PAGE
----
The developing embryo relies on different forms of retinoids circulating into the maternal bloodstream to fulfill its retinoids needs for proper embryogenesis [11]. In humans, up to about 40% of the dietary β-carotene circulates in its intact form in the bloodstream [2,12]. Therefore, the question arises as to whether intact β-carotene can be used to generate retinoids locally in the developing tissues, where the cleavage enzymes are expressed [13]. Recent study from our laboratory has revealed the fundamental mechanisms of β-carotene action during development. We have unequivocally demonstrated the ability of the developing embryo to take up, metabolize and utilize intact β-carotene from the maternal circulation. Loss of CMOI function studies in an established model of mouse VAD, such as mice lacking Retinol-Binding Protein (RBP), the sole specific carrier for retinol in the bloodstream [14-16], revealed that lack of CMOI in the developing tissues further exacerbates the severity of the embryonic malformations [13]. This severe embryonic phenotype was accompanied by reduced levels of retinoids and was due to the lack of CMOI in the developing tissues [13]. Using this model, we also demonstrated in vivo that intact β-carotene circulating in the maternal bloodstream crosses the placenta, and that embryonic CMOI generates retinoids from β-carotene in the developing tissues [13]. Indeed, CMOI+/-RBP-/- embryos from double knockout dams deprived of vitamin A throughout gestation and supplemented with β-carotene, showed a reduced frequency of developmental defects and increased embryonic retinoid levels, compared to un-supplemented animals [13].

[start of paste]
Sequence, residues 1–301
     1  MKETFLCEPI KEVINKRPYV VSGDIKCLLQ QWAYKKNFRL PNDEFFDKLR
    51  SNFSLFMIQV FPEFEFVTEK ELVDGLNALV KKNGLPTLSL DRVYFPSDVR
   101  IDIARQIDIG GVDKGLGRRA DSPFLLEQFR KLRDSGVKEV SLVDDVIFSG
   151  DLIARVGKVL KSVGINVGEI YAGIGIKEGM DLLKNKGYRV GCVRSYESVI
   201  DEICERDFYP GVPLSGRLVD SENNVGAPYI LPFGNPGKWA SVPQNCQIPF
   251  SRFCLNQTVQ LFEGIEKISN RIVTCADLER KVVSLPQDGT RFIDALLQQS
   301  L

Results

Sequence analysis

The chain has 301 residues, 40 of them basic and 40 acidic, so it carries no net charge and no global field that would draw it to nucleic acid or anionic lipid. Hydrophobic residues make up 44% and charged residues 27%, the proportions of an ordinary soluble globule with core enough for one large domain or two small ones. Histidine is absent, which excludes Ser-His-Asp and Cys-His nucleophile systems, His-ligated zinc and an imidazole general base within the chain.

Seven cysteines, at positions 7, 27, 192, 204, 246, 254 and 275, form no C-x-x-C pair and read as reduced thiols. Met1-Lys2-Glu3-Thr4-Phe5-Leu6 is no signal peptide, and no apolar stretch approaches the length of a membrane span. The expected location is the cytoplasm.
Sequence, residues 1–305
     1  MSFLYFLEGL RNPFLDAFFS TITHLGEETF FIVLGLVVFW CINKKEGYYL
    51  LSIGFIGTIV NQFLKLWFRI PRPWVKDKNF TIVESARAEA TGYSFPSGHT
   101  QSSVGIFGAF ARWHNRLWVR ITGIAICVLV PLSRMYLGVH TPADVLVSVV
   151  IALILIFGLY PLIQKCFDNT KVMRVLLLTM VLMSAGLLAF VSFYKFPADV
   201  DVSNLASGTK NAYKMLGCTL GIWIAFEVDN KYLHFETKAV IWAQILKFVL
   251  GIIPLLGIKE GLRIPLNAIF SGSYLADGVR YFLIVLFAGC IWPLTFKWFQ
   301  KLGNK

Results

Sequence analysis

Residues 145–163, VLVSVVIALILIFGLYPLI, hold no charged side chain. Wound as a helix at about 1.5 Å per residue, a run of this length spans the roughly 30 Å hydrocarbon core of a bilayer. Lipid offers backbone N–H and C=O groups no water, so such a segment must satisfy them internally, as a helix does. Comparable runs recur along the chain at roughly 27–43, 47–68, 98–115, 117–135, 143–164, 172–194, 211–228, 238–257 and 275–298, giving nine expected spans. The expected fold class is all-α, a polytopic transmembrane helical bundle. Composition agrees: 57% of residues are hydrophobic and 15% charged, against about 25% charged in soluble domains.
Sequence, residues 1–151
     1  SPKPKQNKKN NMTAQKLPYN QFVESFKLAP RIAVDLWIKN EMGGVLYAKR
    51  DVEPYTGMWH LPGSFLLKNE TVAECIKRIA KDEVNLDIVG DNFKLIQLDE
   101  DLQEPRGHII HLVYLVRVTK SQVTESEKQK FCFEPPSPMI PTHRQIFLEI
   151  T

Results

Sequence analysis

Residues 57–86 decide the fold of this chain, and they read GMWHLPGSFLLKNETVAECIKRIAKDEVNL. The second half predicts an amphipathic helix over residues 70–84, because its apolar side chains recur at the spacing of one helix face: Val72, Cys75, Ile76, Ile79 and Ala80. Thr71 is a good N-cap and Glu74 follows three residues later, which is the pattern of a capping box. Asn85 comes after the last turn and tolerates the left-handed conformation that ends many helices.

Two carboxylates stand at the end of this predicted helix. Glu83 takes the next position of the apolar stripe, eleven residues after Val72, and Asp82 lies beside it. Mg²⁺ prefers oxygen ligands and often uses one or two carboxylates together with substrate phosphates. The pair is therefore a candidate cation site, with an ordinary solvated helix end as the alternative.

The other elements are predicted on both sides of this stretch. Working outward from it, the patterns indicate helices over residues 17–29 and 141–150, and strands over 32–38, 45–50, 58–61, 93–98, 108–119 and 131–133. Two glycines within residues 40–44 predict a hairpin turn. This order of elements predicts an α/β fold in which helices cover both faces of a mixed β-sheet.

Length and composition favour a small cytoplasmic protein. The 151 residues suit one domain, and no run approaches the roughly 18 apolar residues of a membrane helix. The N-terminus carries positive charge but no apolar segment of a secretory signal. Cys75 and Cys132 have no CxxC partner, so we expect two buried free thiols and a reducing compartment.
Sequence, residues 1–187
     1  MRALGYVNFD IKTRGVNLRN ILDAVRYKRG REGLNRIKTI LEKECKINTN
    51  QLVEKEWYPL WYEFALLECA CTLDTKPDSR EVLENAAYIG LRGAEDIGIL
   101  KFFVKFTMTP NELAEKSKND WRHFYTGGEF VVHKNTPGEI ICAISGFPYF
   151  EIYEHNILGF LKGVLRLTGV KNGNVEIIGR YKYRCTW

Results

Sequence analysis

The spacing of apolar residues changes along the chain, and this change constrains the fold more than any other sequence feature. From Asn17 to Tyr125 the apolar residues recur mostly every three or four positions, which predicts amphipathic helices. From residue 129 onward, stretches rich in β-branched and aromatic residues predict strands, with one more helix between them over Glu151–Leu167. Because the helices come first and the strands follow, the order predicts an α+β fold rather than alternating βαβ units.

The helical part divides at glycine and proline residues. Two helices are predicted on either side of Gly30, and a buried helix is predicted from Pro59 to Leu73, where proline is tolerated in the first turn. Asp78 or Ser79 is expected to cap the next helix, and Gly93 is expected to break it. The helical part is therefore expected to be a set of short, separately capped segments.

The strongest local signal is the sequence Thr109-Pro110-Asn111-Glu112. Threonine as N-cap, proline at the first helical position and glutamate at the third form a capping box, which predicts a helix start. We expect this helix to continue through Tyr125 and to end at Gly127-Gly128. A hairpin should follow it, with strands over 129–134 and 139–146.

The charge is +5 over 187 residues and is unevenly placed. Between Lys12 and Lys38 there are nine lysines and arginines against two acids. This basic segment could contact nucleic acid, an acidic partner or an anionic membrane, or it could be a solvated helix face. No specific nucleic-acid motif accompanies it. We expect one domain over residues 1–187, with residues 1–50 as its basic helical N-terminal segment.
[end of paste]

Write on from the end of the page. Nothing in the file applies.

Our study provides the first in vivo evidence that intact β-carotene circulating in the maternal bloodstream is an alternative local source of retinoids for the developing mammalian tissues. Giving that intact β−carotene is present in the human circulation [2,12] and that it is generally considered “safer” than preformed vitamin A, as both its intestinal uptake and cleavage are regulated by retinoic acid to prevent toxicity [17,18], our data support and provide the molecular basis for the current recommendation of supplementing pregnant women with β-carotene, not only in the developing countries but also in the western world [3].

Grants R01HD057493 and R01HD057493-02S1 from the U.S. National Institute of Health (NIH) supported our work on β-carotene metabolism in the developing tissues.